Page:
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Sunday, July 15, 2018

MSP430f169 LCD development environment


Until now I always developed code for the  Olimex board MSP430F169 LCD using an open source compiler (GNU) and using a parallel port->JTAG adapter to program the board and do some debug.
That requires a computer with parallel port.
The goal of this article is to see if is possible to use an USB->JTAG adapter or using the Spy-by-wire connection.

Saturday, July 14, 2018

Developer tips - Visual Studio - Apple iOS erase certificates

Disclaimer !
This article is based on tests/research/finding at April 2018. Things can change.


Sometime is better to clean up the mess of certificates used by Xamarin for Apple iOS development.
Here what to do based on my experience.

Normally the certificates are generated/maintained on the Apple Developer website.
Every time a new certificate or provisioning profile is created or a current certificate (or provisioning profile) is modified, is necessary to download them on the development machine.
There, Xcode will provide to load them in a specific location and update the local keys database.

The problem is that after some time, EVERY certificate/provisioning profile generated, will be stored on the local machine. It can become very messy remember what is what.

Erase current certificates

The certificates used by Xamarin are stored in this directory : ~/Library/MobileDevice/Provisioning Profiles/

Of course this place is managed by Xcode, so ALL the certificates used by Xcode and Xamarin are here, meaning that if you erase them ALL the development on both environment will be affected !
Better do a backup just in case.  Since the names of the file in that location are ..cryptic, is not easy to know what is what.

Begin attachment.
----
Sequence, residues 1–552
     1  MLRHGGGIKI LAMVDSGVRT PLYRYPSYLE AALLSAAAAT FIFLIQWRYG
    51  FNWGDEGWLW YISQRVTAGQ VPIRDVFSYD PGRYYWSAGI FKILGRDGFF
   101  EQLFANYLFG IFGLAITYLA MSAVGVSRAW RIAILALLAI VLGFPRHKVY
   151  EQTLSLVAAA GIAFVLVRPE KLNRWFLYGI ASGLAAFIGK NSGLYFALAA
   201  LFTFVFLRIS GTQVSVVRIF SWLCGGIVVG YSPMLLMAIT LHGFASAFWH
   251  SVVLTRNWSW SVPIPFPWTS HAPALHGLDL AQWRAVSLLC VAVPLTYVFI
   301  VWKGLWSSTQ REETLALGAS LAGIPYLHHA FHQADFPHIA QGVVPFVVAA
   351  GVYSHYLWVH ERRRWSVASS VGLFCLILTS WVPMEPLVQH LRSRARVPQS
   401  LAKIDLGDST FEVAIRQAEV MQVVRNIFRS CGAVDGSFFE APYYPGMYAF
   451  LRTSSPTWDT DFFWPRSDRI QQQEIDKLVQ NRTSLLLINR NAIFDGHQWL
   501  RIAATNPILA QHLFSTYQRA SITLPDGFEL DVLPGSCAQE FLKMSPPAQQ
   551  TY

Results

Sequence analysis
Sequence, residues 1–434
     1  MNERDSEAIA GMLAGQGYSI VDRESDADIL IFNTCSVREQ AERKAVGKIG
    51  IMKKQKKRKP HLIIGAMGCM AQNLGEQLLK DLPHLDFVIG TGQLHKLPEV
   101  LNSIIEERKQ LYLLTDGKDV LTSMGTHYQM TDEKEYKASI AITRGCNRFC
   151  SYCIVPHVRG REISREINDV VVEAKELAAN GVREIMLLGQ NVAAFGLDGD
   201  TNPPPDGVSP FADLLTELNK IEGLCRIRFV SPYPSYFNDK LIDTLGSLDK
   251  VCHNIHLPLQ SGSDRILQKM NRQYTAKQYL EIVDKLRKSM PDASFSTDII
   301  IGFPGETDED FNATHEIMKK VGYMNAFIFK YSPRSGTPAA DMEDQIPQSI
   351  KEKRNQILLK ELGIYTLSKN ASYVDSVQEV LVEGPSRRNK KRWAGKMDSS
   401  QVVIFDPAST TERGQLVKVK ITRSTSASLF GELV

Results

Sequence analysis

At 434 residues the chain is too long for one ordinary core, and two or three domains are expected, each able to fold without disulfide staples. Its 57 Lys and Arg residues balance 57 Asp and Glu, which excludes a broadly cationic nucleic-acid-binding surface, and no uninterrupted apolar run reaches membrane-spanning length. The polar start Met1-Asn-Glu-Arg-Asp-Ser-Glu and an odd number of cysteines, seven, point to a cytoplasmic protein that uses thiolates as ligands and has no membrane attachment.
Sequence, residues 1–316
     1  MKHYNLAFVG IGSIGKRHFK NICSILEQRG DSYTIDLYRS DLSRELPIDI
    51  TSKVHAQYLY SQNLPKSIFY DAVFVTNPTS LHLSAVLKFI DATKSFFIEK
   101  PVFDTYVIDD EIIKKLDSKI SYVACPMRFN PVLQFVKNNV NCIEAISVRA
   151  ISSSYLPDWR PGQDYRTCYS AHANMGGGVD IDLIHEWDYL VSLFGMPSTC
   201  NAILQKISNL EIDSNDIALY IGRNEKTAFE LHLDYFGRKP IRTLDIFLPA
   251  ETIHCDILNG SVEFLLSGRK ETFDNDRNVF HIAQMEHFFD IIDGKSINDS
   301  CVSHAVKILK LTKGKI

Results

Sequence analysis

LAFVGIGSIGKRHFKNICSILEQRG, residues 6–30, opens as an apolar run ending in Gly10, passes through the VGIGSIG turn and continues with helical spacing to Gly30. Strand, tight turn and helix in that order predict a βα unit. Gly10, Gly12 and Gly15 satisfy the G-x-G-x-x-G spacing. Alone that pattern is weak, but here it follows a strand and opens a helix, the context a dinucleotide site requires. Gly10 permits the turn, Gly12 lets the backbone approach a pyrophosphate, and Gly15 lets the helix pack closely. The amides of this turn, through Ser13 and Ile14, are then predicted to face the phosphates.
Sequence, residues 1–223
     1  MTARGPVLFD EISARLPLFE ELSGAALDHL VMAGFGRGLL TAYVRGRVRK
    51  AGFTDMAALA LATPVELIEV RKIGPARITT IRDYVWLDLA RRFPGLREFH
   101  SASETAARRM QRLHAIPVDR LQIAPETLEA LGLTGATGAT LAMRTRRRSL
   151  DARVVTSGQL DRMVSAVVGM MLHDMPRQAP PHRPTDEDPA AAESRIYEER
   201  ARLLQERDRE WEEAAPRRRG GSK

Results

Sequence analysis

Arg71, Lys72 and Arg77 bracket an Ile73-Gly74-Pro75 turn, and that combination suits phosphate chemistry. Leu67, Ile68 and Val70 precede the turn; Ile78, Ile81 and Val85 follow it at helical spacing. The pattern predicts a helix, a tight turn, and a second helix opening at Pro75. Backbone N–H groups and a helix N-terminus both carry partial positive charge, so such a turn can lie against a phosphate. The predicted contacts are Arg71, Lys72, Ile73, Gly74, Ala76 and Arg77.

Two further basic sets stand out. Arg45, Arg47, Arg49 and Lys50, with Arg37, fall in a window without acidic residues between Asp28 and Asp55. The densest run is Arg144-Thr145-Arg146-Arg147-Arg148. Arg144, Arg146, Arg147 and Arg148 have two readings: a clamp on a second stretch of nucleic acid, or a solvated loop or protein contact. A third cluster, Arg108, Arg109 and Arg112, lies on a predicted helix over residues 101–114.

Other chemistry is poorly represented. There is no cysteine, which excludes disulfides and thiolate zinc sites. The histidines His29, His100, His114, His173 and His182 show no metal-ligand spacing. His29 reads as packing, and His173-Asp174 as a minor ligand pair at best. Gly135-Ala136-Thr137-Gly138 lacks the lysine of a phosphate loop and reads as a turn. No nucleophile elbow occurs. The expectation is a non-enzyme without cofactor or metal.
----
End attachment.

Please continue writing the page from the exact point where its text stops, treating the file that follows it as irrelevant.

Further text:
The ideal condition when to erase everything is when you can re-obtain EVERY certificate you need to use for development from the Apple Developer website.
So let assume we can safely remove all certificates.
If you are not sure to be able to retrieve all of them, STOP NOW !


Keys

The certificates are associated with private keys stored in the local machine (app Keychain access).
It should NOT be necessary to remove also the private keys and as usual, it can be dangerous messing up with that.
However, usually is possible  to identify the involved keys.
Under the login (in the Keychain Access app) the related keys are generally marked as iPhone Developer : xxxxxxxxxx or iPhone Distribution : xxxxxxxxxxxx
Removing them will remove the private key associated to the certificate.

Restore the certificates/provisioning profile


Simply go on the Apple Developer website, go on the certificates/provisioning profile you want to have and download them on your machine.
Be sure they are marked as Active !

Then simply "open" them with the default app that should be Xcode.
That it.
Xcode will populate the directory ~/Library/MobileDevice/Provisioning Profiles/.



VPN - troubleshooting

Here some tips to solve problems related to the Raspberry Pi VPN.

VPN connect but no internet


VPN is working, can connect with client, but no data are passing thru

 Check some basic settings first
  • /etc/sysctl.confEdit the file and verify that the line net.ipv4.ip_forward=1 is uncommented and thus present.
    Force activation anyway after editing with : sudo sysctl -p
  • /etc/firewall-openvpn-rules.sh
    • Edit the file and verify that contains the line below :
      iptables -t nat -A POSTROUTING -s 10.8.0.0/24 -o eth0 -j MASQUERADE
    • Force correct ownership and permission on the file
      sudo chmod 700 /etc/firewall-openvpn-rules.sh
      sudo chown root /etc/firewall-openvpn-rules.sh
    • Force the call to the firewall-openvpn-rules.sh script in bashrc to be sure is called at boot.
      Edit : ~/.bashrc and add the call to the firewall-openvpn-rules.sh with sudo
  • Run raspi-config and select the boot option to wait for network at the bootstrap time
  • If still the VPN is not working after a bootstrap, try manually restart the openvpn.
    sudo service openvpn restart